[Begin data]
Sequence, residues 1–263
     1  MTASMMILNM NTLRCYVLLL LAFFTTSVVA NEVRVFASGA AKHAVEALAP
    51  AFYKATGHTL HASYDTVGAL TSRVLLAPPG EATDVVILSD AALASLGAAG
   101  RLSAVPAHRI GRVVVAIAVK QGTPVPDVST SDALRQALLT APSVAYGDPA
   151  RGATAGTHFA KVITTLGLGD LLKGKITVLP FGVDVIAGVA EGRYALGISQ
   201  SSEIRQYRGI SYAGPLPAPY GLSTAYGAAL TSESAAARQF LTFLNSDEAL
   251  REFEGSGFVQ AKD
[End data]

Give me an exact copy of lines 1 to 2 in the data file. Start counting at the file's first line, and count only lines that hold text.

Sequence, residues 1–263
     1  MTASMMILNM NTLRCYVLLL LAFFTTSVVA NEVRVFASGA AKHAVEALAP